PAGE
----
Working with a finite set of sounds is tricky, despite its apparent simplicity. My first concern was to isolate spots of interesting sonority in the body and the interior of the machine. I thoroughly explored the freezer using contact and open air microphones, as well as various transducers and receivers — most of which I had constructed myself.
Soon I realised that it is not only about the sounds, but also about the processes that govern them. So, I had to spend some time with the machine to familiarise myself with the cycle of its operation.
The exploration of the machine took part inside the auditorium, so I was constantly aware of how things sounded like inside it — but this meant that I had to move throughout the space, as things sound different on different locations. At this point it is evident that — sonically speaking, what I dealt with is a freezer-hall combination, rather with a single object, as the freezer’s sound qualities were shaped by the site itself before arriving one’s ears.
The final placement was the following: A pickup coil was placed on the top and back of the freezer, just above the metal tubes. Another one was placed on one of its sides, near the bottom (where its motor is located). Next to the side pickup, I attached a large diaphragm contact piezo transducer, and two similar ones to the opposite side. Three small diaphragm piezo transducers were installed on the metal structure on the back of the freezer — to amplify the sounds of the fluid moving inside the tubes. A condenser lavalier microphone was attached deep in the motor cavity below the machine and finally, an induction transducer was attached on the motor itself.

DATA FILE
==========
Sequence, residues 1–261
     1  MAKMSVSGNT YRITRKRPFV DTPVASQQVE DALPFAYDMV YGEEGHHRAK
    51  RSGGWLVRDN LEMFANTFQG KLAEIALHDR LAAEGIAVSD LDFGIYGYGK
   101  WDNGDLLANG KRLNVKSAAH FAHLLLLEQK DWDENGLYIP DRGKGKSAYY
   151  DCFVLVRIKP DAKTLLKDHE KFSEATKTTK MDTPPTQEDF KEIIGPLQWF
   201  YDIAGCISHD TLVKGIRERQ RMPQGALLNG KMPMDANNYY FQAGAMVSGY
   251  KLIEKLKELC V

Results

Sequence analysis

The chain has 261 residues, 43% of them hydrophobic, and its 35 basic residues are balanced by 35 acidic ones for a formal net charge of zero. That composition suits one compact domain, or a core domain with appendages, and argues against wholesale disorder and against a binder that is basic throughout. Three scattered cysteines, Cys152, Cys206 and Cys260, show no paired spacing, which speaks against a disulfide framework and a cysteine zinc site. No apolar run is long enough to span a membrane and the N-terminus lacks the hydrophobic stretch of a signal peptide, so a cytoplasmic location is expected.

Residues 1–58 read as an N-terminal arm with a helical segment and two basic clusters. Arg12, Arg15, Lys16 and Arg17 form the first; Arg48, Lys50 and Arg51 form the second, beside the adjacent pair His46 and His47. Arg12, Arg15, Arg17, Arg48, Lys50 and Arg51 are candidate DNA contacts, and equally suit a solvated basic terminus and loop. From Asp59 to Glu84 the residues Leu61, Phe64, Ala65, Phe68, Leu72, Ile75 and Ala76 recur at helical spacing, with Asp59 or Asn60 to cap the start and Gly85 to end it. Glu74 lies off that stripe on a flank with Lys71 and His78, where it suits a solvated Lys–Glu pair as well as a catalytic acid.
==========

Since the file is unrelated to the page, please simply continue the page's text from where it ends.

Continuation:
Everything was connected on a Mackie mixer. Most signals were split into more than one channels. I carefully equalized as appropriate and routed all signals into the five Genelec speakers and the subwoofer. This was by no means a 5.1 surround set-up, though. Instead, based on intuition, I treated each speaker as an individual and independent sound source, as I wanted absolute control of the whole space, rather than of a particular locus.